What do YOU think of the name “Katherine”?

This is a fun post, but a) I can’t say that I have noticed a great preponderance of Katherines in recent novels, or b) I also can’t say that the name “Katniss” struck me as a form of Katherine. Does that seem to be kind of reaching, or is that just me?

On the other hand, it’s quite true that Kate Daniels (whom you may know from Ilona Andrews’ novels) doesn’t really seem to me like a “Kate.” But then, Anita Blake never seemed much like an “Anita” to me either, back when I still read those. Come to think of it, Kelly Armstrong’s Elena never seemed like an “Elena” to me. I think this may say more about me than about naming conventions for kickass paranormal protagonists. I expect I just prefer character names that are, I don’t know, not the names of people I actually know? I suspect it’s just hard to come up with names that aren’t too screwy and yet are unusual enough to avoid sounding like eveybody’s best friend from college.

Anyway, let me just mention, one big advantage to writing a secondary world fantasy is you will never, ever have anybody complaining that your character just doesn’t feel like a “Kate” to them. I definitely have three times more trouble naming characters for any contemporary-ish story than I’ve ever had for a secondary world fantasy. And I just can’t call them all X, Y and Z and plug the names in later (I actually do know someone who does this, but . . . really?)

Here’s a question: Has a character ever been so badly named (for you) that it interfered with your enjoyment of a book?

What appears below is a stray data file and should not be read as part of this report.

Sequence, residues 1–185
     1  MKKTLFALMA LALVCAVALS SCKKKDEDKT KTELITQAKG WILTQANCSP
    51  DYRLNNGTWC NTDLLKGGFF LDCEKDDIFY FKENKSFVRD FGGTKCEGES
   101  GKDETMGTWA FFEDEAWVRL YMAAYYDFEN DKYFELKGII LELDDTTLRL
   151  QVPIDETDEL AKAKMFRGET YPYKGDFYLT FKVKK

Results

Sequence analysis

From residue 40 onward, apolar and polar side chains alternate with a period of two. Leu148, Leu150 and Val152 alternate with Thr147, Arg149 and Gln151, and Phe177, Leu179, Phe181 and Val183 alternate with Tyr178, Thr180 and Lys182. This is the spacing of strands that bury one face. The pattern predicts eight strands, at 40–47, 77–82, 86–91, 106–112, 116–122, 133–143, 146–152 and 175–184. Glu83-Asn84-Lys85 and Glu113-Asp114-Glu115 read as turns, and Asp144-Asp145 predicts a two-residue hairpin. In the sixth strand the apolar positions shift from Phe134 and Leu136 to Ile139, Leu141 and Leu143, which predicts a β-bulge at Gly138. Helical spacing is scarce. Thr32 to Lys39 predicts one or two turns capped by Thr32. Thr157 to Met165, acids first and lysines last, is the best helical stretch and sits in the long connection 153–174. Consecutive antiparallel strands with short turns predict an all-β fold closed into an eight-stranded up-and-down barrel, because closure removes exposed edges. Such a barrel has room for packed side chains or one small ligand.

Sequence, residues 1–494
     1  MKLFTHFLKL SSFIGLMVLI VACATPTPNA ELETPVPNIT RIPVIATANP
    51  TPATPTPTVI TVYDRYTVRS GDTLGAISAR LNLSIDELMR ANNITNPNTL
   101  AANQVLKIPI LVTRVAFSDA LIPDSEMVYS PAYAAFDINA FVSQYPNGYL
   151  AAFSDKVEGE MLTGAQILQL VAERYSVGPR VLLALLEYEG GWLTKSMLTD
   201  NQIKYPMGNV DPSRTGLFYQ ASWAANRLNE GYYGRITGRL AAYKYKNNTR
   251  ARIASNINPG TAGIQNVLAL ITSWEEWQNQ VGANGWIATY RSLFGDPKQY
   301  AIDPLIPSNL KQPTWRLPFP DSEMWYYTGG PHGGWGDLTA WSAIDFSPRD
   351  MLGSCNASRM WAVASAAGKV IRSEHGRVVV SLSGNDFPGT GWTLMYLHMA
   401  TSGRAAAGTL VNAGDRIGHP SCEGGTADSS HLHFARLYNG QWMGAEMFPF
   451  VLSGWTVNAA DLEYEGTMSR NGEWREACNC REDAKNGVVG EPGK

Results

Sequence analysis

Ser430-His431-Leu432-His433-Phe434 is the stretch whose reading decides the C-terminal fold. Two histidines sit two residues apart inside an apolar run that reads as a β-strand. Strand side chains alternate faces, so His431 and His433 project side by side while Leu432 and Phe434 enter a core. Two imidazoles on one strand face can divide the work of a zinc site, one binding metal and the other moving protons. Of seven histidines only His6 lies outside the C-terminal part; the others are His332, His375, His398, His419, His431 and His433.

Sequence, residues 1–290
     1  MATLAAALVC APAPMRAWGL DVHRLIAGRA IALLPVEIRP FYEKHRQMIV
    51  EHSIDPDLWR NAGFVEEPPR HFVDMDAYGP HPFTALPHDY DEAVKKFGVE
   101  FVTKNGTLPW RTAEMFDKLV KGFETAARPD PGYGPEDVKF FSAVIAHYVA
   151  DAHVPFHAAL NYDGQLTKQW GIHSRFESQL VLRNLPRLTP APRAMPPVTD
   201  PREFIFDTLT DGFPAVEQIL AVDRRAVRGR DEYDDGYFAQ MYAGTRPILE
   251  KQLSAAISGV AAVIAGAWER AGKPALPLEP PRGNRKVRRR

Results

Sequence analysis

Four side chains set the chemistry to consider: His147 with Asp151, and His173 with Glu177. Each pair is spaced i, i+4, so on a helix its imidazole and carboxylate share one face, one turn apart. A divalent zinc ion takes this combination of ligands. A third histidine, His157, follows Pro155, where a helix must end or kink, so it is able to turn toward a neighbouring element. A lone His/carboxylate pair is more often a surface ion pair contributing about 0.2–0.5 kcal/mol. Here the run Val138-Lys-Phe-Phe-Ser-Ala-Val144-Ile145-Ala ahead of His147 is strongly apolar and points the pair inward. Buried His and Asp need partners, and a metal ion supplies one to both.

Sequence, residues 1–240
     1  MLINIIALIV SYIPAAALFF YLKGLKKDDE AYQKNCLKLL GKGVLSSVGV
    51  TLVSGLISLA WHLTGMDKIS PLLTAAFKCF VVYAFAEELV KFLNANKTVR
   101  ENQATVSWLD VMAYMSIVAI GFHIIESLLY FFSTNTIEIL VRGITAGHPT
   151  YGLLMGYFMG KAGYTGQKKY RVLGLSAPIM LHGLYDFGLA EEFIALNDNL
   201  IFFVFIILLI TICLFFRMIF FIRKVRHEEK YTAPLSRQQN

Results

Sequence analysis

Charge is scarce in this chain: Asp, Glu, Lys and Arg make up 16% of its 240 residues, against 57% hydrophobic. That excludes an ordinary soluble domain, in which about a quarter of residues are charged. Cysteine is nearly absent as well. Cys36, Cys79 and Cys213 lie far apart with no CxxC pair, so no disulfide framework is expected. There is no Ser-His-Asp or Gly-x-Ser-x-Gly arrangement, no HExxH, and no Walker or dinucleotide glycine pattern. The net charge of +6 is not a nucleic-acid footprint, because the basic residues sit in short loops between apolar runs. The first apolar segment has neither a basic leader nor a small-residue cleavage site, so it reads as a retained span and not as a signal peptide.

For me the immediate answer is YES. Pug, in Raymond Feist’s Magician series. I mean . . . Pug? Pug?

How about you?

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11 thoughts on “What do YOU think of the name “Katherine”?”

  1. You have heard that Margaret Mitchell’s main character was originally named Pansy? The editor had her change it to Scarlett. Now THAT, I think, was a good change. Pansy sounds way too weak for the character. I’m pretty sure the character would have come off quite differently with her original name.

    Pug, I agree, it’s been a long time since I read Magician, but Pug just isn’t much of a name, especially for a protagonist. And wasn’t he the magician of the bunch? I suppose Feist could have been playing with expectations, but it didn’t work for me. Atrix Wolfe, now, that’s a name for a mage. I’ve seen complaints about McKillip’s tin ear for naming, but I don’t think she’s worse than anyone else. I can usually take a stab at pronouncing them, which is more than some writers manage.

    No, I don’t think Katniss is derived from Katherine. It’s not impossible, but it’s not an obvious derivative. And doesn’t the text say she’s named for a plant?